The GROVE HOUSE ESTATE is now part of Froebel College at Roehampton University. The grounds include a curious man-made grotto within which is an icehouse, similar to that at Ham House (see photo above). The grotto was constructed around 1912 by which time the icehouse had ceased to be used. The icehouse was rediscovered in 1998 behind a bricked-up door which was removed along within rocks and rubble inside.

KEW GARDENS Ice House is in the Winter Garden, west of the Princess of Wales Conservatory. It was in use in 1763 and had a thick wooden door in the north facing entrance tunnel. Ice was taken from the lake and took 3 days to collect and store.

A circle of bricks surrounding a small statue marks the site of the ice house of HURLINGHAM HOUSE. This is now part of the Hurlingham Club on the River Thames at Fulham (no public access).

There is an ice house in CRANFORD PARK sited near what would have been the NW corner of the house (demolished).

The earliest ice house in SYON PARK took 12 men two days to fill. In the 1820s the 3rd Duke had a new double-chambered, rectangular one built under a landscaped mound 100 yards from the Great Conservatory. The ice would be transferred to zinc-lined chests for use by the confectioner. Brentford walk

The manor of HANWORTH was owned by Henry VII and used as a hunting lodge. The house was destroyed by fire in 1797 and Hanworth Park House was built in the manor grounds in 1820. In the 20th century it was used as a hospital, hotel and retirement home. The ice house is located under a tree-covered mound near the Uxbridge Road/Hounslow Road junction.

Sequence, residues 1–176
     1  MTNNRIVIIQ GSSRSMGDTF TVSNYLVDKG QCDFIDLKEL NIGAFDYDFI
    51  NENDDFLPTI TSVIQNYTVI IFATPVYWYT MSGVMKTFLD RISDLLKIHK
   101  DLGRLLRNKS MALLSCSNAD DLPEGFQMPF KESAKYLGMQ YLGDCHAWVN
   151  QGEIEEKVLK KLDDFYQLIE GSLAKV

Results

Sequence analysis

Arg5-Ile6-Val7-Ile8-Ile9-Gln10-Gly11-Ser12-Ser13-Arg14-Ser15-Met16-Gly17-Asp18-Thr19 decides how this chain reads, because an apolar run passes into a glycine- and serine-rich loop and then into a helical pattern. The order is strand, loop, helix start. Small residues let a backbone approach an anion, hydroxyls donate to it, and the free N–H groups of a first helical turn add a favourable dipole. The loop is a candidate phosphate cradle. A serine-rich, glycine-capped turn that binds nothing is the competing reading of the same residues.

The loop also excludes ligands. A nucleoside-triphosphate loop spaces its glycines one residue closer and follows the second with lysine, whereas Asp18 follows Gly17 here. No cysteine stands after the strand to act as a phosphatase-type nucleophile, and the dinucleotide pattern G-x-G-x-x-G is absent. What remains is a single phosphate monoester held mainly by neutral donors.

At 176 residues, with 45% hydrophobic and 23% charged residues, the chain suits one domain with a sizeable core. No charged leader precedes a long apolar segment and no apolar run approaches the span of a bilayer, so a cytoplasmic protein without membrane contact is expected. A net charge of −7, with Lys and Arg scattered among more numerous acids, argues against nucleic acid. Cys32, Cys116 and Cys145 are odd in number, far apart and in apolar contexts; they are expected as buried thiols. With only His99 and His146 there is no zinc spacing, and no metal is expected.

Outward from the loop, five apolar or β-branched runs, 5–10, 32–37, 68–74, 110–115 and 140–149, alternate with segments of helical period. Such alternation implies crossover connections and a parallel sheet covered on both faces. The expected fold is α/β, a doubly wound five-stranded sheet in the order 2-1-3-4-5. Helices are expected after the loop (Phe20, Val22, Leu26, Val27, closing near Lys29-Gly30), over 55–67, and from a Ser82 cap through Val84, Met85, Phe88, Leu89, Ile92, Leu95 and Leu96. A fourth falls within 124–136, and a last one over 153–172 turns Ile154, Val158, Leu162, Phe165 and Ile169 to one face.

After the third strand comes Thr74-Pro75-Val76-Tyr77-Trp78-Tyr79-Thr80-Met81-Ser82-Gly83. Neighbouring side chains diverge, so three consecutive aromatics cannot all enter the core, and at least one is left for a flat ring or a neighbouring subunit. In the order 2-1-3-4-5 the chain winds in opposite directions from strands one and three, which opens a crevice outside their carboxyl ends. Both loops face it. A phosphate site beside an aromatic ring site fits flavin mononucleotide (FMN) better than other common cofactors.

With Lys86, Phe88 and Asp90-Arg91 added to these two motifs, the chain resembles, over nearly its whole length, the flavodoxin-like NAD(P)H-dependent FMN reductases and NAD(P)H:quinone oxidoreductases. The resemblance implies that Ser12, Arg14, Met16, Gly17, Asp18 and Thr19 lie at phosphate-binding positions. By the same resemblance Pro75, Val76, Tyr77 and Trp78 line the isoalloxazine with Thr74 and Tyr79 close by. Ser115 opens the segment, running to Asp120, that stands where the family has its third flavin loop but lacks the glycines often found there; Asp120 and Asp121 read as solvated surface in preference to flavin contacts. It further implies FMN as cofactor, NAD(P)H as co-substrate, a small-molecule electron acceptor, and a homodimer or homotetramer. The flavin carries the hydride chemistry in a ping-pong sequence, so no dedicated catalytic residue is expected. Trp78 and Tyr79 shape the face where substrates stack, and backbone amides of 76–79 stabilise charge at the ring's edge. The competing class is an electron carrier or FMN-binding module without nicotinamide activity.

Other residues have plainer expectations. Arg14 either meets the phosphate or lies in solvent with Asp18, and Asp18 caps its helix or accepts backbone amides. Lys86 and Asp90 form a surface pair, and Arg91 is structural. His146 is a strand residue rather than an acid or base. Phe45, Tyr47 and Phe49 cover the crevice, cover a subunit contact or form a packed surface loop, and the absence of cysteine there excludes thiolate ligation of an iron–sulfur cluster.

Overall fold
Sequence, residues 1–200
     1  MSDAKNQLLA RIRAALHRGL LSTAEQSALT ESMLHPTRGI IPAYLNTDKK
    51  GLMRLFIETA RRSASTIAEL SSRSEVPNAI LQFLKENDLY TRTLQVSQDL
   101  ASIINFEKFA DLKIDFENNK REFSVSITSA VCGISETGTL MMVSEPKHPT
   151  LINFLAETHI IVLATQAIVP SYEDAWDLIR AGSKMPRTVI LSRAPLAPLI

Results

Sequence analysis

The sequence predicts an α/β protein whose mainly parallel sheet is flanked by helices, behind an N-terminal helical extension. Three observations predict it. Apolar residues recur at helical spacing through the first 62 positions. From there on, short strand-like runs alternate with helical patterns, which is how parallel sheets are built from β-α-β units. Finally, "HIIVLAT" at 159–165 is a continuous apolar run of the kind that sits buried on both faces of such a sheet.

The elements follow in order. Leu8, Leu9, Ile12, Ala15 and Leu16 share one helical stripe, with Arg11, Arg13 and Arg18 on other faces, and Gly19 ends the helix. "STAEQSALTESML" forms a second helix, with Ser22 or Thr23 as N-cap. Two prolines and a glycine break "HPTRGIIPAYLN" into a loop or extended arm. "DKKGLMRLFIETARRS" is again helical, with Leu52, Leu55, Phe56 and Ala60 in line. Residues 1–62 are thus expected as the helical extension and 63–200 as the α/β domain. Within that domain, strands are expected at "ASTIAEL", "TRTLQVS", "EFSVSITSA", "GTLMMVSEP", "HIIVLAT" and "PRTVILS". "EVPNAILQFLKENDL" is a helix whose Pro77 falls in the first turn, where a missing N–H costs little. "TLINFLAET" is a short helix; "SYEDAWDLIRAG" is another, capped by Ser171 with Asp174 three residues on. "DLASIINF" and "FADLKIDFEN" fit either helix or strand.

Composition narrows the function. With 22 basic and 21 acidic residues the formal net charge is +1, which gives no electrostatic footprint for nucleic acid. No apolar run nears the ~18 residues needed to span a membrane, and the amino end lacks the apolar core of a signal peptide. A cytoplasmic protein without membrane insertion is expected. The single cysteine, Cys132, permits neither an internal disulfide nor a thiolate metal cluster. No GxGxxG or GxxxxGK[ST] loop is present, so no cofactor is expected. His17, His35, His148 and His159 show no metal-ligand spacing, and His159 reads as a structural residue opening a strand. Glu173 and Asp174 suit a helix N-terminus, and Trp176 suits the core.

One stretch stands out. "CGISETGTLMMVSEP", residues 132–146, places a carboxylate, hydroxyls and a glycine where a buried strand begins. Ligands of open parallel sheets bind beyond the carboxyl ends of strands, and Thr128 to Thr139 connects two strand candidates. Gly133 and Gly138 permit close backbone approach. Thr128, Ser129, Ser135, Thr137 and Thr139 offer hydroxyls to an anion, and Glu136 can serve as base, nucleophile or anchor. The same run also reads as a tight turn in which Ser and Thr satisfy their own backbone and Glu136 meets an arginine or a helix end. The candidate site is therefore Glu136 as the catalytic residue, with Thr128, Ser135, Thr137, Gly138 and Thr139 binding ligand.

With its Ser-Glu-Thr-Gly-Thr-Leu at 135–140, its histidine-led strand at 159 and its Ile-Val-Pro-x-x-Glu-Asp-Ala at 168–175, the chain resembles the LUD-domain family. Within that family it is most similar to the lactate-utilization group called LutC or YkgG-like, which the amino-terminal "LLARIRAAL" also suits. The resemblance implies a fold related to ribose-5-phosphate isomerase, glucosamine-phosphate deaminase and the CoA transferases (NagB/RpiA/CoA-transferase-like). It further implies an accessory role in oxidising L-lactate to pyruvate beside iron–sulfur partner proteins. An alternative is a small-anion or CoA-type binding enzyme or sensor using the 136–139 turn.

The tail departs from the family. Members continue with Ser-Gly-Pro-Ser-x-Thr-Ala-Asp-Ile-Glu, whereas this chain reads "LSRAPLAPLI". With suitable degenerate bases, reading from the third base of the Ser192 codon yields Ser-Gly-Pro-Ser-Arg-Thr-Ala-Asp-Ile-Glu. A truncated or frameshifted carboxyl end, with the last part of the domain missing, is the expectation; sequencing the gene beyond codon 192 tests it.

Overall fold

In 1870 Samuel Sugden, a homeopathic chemist, purchased land in Edmonton and renovated the farmhouse, naming it Oak Lodge. He added a walled garden, orchard and ice well. The Lodge was demolished after WWI and the land purchased by Southgate UDC for the creation of the public OAKWOOD PARK. The top of the ice well can be seen in the north west corner of the park.

The ice house on EAST HEATH, Hampstead Heath (located between the toilets and Vale of Health Pond) is an old keeper's hut. It was built for Sir Thomas Maryon Wilson, lord of the Manor of Hampstead, as part of his development of the area.

On the KENWOOD ESTATE the dairy had an ice well beneath its central room. This building near the West Lodge is now a private residence but can be viewed from the paths. There are some interior photographs in the Mansion Cottage information centre. Another ice well is situated in the Duellings Grounds but there is no general public access to this.

The ice house in DANSON PARK was sited in the Mid Park (just north of the present boathouse).

The ice house in HOLLAND PARK is a round building of 1770 with a tiled roof, unusual in being entirely above ground. Restored in 1979 it now serves as a gallery space in the centre of the park. Holland Park walk

An ice and snow house was made for Charles II in what is now GREEN PARK. These features remained until the early 19th century. A mound in the west of the park marks the spot.

A large ice well at 34 Jamestown Road, Camden was probably used to store ice from the nearby Regent's Canal. It was abondoned around 1914 and filled with rubble.

The LONDON CANAL MUSEUM is housed in a former warehouse built in the 1860s for Carlo Gatti ice cream manufacturer. Blocks of ice were imported from Norway and transported by horse-drawn barge along the Regent's Canal [pictures]. One of the vast ice wells (34' wide and 40' deep) below the warehouse and used until 1902 has been partly excavated and is on show. Gatti operated until the 1920s by which time ice was being made artificially. [Canal Museum]

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There is a website on icehouses
Icehouses by Tim Buxbaum from
www.shirebooks.co.uk

 

london-footprints.co.uk 2012